Double Crested Cormorant



Phalacrocorax auritus. 

‘The Cormorant, or Common Shag

Lays its eggs in a paper bag…’

Or so we children used to sing as we roamed the Essex marshes in England before the War, looking for the large black birds with such odd habits.  Of course they do not have any use for paper bags but nest in platforms of sticks collected by the males and assembled by the females either on the ground in uninhabited islands, up in trees or even in cliffs. Once the sticks are in place, the females line the nest with softer materials in which to lay one or two blueish white eggs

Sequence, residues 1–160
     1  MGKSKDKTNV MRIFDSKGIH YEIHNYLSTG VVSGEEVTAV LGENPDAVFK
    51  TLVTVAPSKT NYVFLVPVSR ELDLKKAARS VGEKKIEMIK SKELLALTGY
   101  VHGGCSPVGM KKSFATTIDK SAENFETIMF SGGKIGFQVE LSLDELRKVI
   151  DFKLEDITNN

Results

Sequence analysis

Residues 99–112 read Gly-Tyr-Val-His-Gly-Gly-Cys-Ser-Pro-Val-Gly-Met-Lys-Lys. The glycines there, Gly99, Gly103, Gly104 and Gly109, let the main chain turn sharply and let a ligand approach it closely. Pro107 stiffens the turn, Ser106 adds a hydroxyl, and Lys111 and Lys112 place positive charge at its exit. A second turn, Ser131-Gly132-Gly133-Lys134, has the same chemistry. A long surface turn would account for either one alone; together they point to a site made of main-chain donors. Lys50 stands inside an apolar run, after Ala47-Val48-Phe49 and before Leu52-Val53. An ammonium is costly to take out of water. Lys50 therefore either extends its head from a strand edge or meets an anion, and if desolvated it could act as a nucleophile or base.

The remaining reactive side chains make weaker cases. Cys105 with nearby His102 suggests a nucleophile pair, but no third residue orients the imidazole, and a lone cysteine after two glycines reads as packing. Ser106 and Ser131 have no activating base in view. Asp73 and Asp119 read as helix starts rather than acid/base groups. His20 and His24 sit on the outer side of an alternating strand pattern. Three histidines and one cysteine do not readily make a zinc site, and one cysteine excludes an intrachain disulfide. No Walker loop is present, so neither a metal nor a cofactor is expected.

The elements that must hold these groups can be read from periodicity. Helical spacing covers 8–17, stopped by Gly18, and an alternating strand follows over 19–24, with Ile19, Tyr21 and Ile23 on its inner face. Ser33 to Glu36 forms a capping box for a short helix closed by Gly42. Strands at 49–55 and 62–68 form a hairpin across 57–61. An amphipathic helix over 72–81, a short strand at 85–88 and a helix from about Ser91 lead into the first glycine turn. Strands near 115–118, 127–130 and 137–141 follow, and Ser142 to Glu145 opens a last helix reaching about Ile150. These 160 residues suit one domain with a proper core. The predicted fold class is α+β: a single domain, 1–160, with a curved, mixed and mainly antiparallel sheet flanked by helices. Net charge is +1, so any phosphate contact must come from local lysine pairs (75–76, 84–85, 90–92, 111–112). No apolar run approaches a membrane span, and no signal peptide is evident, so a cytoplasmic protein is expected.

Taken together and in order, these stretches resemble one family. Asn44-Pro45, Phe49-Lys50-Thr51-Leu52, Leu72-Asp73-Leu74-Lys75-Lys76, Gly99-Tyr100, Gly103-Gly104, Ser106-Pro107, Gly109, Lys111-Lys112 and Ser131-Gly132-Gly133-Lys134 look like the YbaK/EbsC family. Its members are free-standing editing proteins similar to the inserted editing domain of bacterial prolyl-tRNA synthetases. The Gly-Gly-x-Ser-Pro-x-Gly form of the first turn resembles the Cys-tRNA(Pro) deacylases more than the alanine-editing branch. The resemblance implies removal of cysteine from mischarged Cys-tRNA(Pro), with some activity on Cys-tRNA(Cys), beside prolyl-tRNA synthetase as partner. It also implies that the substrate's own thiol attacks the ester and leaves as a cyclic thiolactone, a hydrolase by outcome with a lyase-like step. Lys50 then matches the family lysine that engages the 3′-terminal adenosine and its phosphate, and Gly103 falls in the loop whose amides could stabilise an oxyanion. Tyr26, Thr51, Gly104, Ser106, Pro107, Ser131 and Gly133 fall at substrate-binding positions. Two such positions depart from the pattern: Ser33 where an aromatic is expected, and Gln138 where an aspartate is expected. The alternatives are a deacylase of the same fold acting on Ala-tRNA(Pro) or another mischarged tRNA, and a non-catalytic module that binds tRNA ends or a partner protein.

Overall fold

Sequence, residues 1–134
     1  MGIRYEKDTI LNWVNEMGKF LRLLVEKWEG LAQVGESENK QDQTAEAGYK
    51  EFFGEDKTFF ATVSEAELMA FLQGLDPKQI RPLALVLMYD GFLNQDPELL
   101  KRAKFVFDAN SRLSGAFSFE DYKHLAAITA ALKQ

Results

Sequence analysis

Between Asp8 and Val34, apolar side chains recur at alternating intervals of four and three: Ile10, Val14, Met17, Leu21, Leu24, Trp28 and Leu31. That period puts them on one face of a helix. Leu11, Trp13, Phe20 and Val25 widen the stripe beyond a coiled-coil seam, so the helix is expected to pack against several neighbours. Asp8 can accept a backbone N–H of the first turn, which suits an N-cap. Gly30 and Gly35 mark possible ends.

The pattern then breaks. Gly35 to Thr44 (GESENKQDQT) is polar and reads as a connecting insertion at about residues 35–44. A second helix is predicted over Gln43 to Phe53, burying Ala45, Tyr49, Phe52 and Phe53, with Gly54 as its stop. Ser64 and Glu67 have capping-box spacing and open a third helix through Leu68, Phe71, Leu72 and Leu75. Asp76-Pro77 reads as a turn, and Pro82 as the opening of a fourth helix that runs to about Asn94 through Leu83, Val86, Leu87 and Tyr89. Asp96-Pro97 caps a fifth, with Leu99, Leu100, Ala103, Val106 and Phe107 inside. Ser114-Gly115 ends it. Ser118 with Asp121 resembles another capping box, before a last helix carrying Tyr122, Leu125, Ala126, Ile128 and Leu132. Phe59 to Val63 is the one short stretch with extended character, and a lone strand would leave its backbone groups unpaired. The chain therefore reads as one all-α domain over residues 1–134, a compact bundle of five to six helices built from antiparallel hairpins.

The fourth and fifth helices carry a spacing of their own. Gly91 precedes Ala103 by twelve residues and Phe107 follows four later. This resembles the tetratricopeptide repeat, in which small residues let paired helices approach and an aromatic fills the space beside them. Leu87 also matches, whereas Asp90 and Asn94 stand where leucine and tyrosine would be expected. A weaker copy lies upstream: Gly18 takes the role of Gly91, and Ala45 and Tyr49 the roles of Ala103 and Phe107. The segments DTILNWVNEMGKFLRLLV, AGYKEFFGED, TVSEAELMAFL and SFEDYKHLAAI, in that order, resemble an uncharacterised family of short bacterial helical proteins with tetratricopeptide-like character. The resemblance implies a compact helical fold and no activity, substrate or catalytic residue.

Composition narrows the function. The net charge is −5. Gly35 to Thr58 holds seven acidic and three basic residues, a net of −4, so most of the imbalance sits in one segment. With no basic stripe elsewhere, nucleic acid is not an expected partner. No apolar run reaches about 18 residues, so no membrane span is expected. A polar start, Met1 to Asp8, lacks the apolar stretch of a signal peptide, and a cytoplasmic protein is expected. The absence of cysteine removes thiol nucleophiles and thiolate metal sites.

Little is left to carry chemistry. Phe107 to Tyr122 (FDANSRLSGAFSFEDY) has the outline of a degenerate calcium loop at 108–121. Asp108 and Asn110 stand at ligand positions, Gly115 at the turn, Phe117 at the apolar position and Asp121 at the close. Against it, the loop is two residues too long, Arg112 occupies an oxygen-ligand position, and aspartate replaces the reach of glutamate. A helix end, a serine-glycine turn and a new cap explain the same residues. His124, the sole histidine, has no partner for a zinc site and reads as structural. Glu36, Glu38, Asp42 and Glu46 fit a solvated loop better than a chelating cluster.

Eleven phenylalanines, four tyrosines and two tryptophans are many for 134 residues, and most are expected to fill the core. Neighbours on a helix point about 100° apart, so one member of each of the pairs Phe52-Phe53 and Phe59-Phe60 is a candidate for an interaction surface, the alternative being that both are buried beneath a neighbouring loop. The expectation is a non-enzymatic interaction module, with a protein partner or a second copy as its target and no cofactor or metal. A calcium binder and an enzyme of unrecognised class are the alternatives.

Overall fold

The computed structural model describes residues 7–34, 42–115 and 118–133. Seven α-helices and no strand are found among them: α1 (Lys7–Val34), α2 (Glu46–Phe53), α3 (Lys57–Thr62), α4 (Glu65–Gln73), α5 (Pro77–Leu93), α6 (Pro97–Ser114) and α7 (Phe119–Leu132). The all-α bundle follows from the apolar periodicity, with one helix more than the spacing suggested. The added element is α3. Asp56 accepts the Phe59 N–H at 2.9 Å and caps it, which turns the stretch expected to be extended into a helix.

In Tortola I was delighted to discover just how unusual the Cormorant really is, catching its prey by swimming underwater for one thing - diving to swim very fast to depths of at least 160 ft if necessary to find fish, crabs, or shrimp, then coming up for air and diving again. The males attract their females by swimming in zigzags, splashing with their large wings, and even odder, diving to bring up weeds. I have shown one young male here drying his wings after such efforts, admired by at least one female in the group.

includes off white mat 16" x 18" and certificate of authenticity